Xcel Energy Targets Zero Carbon Emissions By 2050

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Call this a tale of two utility companies. In Arizona, the state’s largest utility company just spent more than $15 million to defeat a ballot initiative that would have set a renewable energy standard of 50% for the Grand Canyon state. In neighboring Colorado, the state’s largest utility company has just announced the most ambitious clean energy goal of an US utility — 100% zero emissions energy, much of it from renewables, by 2050. How can you reconcile such diametrically opposite results? You can’t. There’s no rational explanation, except to say the Koch Brothers were deeply involved in the anti-renewable campaign in Arizona.

US renewables (solar) power PA farm (p.d.)
Xcel Energy renewable energy goal

Xcel Energy was already planning to reduce its carbon footprint in Colorado by 60% and boost renewables to 55% of its energy mix by 2026. The new goals simply take what it has already started to its logical conclusion. “This isn’t new to us,” Exel CEO Ben Fowke told reporters in Denver this week. “We’ve been leading the clean energy transition at Xcel for quite a while now. Investing in renewables has really been part of our DNA for over 20 years.”

Xcel serves customers in 8 states. The new plan envisions reducing carbon emissions by 80% by 2030 across all eight states and getting to zero greenhouse gas emissions by 2050. Fowke and Alice Jackson, president of Xcel’s Colorado operation, say they don’t know of any other utility in the country that has established a timeline for getting to zero carbon emissions.

Colorado’s incoming governor, Jared Polis, said he’s excited about “Xcel having the most aggressive goal of any utility in the country.” But he would like it even better if the goal could be reached by 2040. He pledged to work with municipal utilities and rural electric cooperatives to achieve the accelerated goal. Arizona governor Doug Ducey, please take note.

“Colorado has always been a very innovative state and I think it’s great that we’re showing the country the way to keep rates low, have cleaner air and to do our part for our climate and embrace the future of clean energy and make it work for Colorado businesses and individuals,” Polis said.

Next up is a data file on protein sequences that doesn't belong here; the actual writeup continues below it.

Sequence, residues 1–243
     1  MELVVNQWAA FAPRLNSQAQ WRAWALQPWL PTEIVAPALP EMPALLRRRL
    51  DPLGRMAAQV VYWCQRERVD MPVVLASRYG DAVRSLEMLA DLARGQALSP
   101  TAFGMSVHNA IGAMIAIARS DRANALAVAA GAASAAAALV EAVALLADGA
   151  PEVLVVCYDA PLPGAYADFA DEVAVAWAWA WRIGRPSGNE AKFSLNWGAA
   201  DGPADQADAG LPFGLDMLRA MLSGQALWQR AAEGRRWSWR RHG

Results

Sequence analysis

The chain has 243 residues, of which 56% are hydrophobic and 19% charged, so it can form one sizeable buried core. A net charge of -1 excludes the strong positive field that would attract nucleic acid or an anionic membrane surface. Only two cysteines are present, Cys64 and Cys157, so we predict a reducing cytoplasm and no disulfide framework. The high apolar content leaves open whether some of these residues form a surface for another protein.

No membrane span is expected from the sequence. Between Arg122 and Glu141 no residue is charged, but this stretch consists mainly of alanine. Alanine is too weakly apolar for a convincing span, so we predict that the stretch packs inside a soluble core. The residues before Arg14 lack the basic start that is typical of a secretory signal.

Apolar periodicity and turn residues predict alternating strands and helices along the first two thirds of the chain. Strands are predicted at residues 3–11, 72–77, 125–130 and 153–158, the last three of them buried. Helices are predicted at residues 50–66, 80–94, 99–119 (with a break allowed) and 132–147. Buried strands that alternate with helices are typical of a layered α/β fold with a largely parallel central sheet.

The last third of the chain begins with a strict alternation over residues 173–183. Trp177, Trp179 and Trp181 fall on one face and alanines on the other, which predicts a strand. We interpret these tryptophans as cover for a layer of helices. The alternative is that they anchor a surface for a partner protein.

Before we go throwing bouquets of roses at Xcel, consider this. Both Fowke and Jackson acknowledged at the press conference that nuclear and carbon capture techniques at coal-fired generating stations may play a role in achieving the company’s zero emissions goals. While Xcel’s plan isn’t perfect, it’s light years ahead of what most other utility companies in America are proposing. (California utilities are not far behind.) The company adds that the technology to bring its plan to fruition may not exist at the present time but is confident it will be available when needed.

Fowkes noted the latest IPCC 6 report ratchets up the urgency of taking rational steps to curb emissions but it’s not all altruism that is pushing the zero emissions plan forward. The move to more wind, solar and other renewable energy sources is not only good for the environment but also good for the bottom line of both the company and its customers Fowke said.

How renewables can be good for the bottom line in 8 states but not in Arizona is a conundrum. There is a chance greed may be part of the explanation.

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Steve Hanley

Steve writes about the interface between technology and sustainability from his home in Florida or anywhere else The Force may lead him. He is proud to be "woke" and doesn't really give a damn why the glass broke. He believes passionately in what Socrates said 3000 years ago: "The secret to change is to focus all of your energy not on fighting the old but on building the new."

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